Conventional, FHA, and VA loans are similar in that they are all issued by banks and other approved lenders, but there are some major differences between these types of loans. Read on to learn more about the different characteristics of conventional, FHA, and VA loans, and find out which one might be right for you.
When you apply for a home loan, you can apply for a government-backed loan (such as a FHA or VA loan) or a conventional loan, which is not insured or guaranteed by the federal government. This means that, unlike federally insured loans, conventional loans carry no guarantees for the lender if you fail to repay the loan.
For this reason, if you make less than a 20% down payment on the property, you’ll have to pay for private mortgage insurance (PMI) when you get a conventional loan. (If you default on the loan, the mortgage insurance company makes sure the lender is paid in full. Learn more about private mortgage insurance.)
Conventional mortgage loans must adhere to guidelines set by the Federal National Mortgage Association (Fannie Mae) and the Federal Home Loan Mortgage Corporation (Freddie Mac) and are available to everyone, but they are more difficult to qualify for than VA and FHA loans. (Since there is no government insurance, conventional loans pose a higher risk for lenders so credit and income requirements are stricter than for FHA and VA mortgages).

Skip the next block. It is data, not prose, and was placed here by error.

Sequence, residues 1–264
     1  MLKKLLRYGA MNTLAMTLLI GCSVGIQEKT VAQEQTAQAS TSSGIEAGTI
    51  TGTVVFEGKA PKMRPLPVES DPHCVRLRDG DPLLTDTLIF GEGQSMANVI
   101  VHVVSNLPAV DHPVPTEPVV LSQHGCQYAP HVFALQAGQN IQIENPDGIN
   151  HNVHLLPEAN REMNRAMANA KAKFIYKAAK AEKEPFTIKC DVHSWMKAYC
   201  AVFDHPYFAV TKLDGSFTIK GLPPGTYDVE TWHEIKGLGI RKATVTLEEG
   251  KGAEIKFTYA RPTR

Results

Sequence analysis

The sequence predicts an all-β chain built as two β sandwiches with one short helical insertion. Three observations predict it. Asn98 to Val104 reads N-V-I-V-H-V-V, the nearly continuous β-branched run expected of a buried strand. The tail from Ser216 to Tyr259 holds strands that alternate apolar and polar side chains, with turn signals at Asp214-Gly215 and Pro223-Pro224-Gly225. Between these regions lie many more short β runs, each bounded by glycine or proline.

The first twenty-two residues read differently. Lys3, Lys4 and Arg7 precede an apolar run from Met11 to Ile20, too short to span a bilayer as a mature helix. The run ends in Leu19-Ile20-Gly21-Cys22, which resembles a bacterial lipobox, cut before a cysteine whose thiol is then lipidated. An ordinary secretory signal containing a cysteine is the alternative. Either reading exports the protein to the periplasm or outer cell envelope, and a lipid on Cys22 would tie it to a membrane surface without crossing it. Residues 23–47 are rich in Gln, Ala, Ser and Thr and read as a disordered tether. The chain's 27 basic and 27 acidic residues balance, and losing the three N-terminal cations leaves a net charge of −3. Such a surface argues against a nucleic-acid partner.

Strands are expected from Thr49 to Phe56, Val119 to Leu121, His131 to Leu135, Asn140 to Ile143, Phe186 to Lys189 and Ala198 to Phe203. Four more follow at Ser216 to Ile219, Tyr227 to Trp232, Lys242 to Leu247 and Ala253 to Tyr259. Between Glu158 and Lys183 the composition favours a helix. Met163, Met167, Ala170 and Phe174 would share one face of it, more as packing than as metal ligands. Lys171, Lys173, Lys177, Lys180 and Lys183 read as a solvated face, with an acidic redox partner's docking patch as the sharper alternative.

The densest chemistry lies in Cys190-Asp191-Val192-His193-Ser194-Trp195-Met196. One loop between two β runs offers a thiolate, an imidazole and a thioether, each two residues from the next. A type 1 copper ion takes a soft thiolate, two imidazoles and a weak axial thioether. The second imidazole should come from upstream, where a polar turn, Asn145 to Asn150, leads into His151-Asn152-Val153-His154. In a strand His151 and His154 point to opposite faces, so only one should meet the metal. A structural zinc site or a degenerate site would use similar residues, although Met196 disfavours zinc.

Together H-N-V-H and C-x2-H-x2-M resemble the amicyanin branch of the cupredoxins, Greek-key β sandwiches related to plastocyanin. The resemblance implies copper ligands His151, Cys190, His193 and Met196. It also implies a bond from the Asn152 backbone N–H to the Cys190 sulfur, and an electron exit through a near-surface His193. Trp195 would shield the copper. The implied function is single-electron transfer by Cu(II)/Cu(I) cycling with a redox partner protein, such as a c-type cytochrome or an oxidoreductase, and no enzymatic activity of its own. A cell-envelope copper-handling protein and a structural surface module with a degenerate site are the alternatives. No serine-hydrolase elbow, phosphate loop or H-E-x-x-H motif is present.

Generally, you can get a conventional loan if you:
- have good credit
- have a steady income, and
- can afford the down payment.
A FHA loan is a loan insured by the Federal Housing Administration (FHA). If you default on the loan, the FHA will repay the bank's loss.
Since the loan is insured, the lender can offer you good terms including:
- a low down payment (as low as 3.5% of the purchase price)
- the financing of some closing costs (which means they are included in the loan amount), and
- low closing costs.
This type of loan is often easier to qualify for than a conventional mortgage and anyone can apply. However, FHA loans have a maximum loan limit that varies depending on the average cost of housing in a given region. (Learn more about FHA loan limits at www.fha.com. Click on “2014 FHA Limits.”)
Also, you’ll have to pay MIP (mortgage insurance premium) as part of an FHA loan. (Conventional mortgages have PMI and FHA loans have MIP.) The premiums that borrowers pay contribute to the Mutual Mortgage Insurance Fund. FHA draws from this fund to pay lenders' claims when borrowers default.
A VA loan is a loan guaranteed by the Veterans Administration (VA). This type of loan is only available to certain borrowers through VA-approved lenders. (The guarantee means that the lender is protected against loss if the borrower fails to repay the loan.)
To get a VA loan, you must be:
- a current member of the U.S. armed forces
- a veteran
- a reservist/national guard member, or
- an eligible surviving spouse. (To learn the specific eligibility requirements for a VA loan, go to www.benefits.va.gov and click on “Home Loans,” then “Home Loans Home,” and “Eligibility.” Then click on "Learn more" under "Purchase Loans and Cash-Out Refinance.")
VA mortgage loans can be guaranteed with no money down and there is no private mortgage insurance requirement. (Learn more about VA loans in Nolo’s article Veterans Home Loan Guaranty Program.)